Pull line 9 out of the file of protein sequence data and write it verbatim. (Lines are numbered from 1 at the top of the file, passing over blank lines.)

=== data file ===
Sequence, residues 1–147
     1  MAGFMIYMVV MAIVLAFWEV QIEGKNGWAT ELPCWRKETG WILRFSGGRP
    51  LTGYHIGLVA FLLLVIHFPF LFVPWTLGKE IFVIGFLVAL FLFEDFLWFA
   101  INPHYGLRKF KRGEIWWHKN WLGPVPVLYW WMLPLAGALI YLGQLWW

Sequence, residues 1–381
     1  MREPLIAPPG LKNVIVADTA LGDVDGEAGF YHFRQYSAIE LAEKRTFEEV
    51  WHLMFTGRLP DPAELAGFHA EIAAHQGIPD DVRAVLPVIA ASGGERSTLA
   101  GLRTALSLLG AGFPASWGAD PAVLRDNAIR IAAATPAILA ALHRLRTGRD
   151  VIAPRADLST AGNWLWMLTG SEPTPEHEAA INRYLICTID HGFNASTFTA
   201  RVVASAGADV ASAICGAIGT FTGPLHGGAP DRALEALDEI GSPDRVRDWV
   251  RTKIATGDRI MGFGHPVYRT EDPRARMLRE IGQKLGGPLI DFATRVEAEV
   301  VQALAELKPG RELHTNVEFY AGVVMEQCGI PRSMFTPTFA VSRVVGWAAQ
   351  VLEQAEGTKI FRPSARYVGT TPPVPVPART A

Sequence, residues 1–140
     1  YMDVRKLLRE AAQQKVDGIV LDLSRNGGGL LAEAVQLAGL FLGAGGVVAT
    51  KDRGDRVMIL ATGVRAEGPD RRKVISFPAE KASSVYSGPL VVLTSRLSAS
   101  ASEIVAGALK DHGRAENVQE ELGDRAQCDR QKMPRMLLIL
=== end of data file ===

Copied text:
   151  VIAPRADLST AGNWLWMLTG SEPTPEHEAA INRYLICTID HGFNASTFTA